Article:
Junior middleweight Yuri Foreman is scheduled to get back into the ring on November 12 at the Seminole Hard Rock Hotel and Casino in Hollywood, Florida. His opponent is slated to be Javier Gonzalez.
Foreman is coming off of an eight-round decision against Jamal Davis last July. In that fight, Foreman, who is the consummate boxer, threw right hand leads and led more with power punches than he normally does. In a phone interview with The Jewish Boxing Blog, Foreman said he knew Davis would continue to come forward and put pressure of Foreman, so Yuri wanted to be more aggressive.
Foreman constantly moved, waiting for the moment that Davis was slightly off balance to strike. There were moments when Foreman was able to trap Davis in the corner or push him against the ropes, but Foreman usually waited for the referee to break the two men. Yuri noted that he used this strategy because "Davis has decent power and is a good inside fighter."
Yuri stayed disciplined throughout the bout and stuck to his strategy. "I'm always working to perfect my own style," he said, "I'm not going to play by the rules of my opponent. I'm in control; I'm going to do my own thing."
Foreman's next opponent, Javier Gomez, sports a 14-11 record with 10 KOs, but he's been stopped eight times. Gomez has been knocked out by some good fighters such as Eddie Gomez and Victor Cayo, but he has also been stopped by men who have very little experience and didn't having winning records. Foreman said he doesn't feel any pressure to knockout his opponent, "Why would I put extra pressure on myself? As my coach says, 'If it comes, it comes.'"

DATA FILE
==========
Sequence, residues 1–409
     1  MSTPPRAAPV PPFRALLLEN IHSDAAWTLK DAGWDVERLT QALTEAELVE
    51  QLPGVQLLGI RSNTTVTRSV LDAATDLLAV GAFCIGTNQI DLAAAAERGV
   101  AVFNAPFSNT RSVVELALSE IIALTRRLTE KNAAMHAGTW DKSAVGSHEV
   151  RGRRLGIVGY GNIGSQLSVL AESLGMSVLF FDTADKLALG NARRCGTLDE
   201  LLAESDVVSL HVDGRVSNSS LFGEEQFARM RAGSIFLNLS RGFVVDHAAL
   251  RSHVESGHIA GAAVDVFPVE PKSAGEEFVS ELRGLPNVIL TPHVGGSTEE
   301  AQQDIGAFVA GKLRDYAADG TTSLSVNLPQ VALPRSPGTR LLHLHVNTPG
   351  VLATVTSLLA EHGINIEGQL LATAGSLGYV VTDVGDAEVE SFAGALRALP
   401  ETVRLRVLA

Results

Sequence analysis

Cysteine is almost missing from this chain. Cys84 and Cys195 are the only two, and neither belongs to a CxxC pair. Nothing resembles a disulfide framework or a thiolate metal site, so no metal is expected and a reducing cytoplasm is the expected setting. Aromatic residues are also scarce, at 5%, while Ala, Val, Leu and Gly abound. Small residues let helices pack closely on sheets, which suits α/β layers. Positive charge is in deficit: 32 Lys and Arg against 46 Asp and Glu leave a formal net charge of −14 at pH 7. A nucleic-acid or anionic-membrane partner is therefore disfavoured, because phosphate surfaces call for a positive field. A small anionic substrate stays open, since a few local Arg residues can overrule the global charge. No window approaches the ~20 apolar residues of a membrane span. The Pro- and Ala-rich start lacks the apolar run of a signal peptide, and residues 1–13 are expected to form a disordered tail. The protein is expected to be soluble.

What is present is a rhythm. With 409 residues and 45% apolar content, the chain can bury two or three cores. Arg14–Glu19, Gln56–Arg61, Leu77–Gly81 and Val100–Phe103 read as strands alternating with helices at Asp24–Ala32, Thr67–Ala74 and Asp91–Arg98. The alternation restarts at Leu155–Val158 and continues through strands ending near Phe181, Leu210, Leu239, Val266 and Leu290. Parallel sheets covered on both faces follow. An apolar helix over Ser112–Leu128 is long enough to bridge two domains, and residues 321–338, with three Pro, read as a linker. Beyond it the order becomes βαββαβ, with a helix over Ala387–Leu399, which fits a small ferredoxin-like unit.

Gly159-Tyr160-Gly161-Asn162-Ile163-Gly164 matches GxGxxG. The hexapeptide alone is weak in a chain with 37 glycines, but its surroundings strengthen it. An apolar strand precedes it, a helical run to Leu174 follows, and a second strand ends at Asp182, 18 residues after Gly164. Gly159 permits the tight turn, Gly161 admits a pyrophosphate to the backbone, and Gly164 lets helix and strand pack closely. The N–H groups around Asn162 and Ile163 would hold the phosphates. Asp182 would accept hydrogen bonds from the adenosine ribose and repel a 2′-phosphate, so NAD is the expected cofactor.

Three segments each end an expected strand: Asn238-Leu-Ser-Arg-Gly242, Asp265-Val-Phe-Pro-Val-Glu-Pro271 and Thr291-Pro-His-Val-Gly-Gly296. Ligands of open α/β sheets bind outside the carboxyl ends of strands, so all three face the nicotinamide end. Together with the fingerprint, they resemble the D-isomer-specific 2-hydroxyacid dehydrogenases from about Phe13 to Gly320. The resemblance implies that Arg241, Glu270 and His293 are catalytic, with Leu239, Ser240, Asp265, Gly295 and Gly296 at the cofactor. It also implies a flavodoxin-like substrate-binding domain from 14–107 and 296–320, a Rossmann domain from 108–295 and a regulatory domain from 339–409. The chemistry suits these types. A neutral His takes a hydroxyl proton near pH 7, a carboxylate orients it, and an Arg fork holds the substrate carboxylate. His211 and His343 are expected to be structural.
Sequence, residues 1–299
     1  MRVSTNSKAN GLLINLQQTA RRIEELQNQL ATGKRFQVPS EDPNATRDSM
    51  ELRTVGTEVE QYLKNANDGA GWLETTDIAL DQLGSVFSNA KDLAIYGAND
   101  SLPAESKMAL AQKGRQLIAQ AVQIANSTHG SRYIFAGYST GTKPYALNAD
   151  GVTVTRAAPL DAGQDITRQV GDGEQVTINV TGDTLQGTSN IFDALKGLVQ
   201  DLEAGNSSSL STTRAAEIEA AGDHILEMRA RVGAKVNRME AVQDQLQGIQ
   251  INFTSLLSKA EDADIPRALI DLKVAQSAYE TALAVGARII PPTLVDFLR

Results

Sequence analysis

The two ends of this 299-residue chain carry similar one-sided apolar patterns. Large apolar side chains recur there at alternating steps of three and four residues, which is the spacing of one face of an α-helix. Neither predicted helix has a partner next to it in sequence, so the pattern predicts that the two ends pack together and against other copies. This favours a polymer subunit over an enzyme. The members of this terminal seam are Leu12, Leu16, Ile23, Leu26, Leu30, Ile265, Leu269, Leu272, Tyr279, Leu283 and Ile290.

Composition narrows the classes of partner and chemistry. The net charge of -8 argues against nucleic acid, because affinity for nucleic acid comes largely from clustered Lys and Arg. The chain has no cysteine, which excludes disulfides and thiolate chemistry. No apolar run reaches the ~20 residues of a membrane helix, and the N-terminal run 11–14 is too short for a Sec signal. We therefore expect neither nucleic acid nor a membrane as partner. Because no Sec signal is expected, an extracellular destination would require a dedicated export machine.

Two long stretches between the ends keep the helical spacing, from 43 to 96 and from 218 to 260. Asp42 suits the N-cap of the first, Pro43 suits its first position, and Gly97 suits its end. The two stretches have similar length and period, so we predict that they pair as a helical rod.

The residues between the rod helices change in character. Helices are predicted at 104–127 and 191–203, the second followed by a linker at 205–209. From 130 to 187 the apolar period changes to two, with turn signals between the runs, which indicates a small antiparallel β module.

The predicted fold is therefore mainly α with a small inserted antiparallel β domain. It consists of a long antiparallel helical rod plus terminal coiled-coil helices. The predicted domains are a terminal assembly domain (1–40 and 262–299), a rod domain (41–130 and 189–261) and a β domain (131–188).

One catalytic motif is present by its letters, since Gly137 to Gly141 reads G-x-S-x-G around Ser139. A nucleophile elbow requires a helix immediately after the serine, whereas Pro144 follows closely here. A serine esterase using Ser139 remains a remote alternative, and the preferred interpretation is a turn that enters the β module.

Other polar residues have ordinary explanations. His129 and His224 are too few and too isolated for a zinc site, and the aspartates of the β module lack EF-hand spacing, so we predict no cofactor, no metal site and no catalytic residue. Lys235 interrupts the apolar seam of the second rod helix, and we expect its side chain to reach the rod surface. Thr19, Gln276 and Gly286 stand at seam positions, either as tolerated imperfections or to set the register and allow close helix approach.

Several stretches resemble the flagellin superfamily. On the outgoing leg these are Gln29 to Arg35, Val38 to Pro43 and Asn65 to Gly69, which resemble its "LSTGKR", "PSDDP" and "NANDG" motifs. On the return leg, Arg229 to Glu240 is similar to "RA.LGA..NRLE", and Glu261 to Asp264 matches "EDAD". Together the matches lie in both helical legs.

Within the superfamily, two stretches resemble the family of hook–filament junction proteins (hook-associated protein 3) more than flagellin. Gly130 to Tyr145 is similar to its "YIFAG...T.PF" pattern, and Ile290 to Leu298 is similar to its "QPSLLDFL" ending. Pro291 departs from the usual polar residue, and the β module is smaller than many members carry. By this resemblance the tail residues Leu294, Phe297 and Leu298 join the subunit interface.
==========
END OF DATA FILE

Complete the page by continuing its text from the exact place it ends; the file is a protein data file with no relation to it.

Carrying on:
Foreman has been in rabbinical training and has submitted his final exam answers to his rabbi; he's now waiting for a response. When asked which he more identifies himself as, a boxer or a rabbi, he said, "It's not one or the other. There are times to be a boxer and there are times to be a rabbi."
There is clearly some overlap between the two professions. Foreman described boxing as "a thinking man's game. The goal is to outsmart the other guy." He also noted, "A good boxer can control his emotions. He can think calmly in a difficult situation." Rabbis need some of the same skills.
A month before his next fight, Foreman isn't yet thinking much about that night. He's focused on the physical and mental development it takes to train for the contest. With regards to fighting away from his New York home in Florida, Foreman says it's simply part of the profession. "I'm a boxer; the job requires traveling," Foreman said matter-of-factly. His wife will likely stay in New York for the fight and Foreman will miss what he describes as her "good analytic eye."
This will likely be Foreman's final eight-rounder before he moves up to ten rounds. About future fights, Foreman explained, "The goal is to win on November 12. We'll see from there."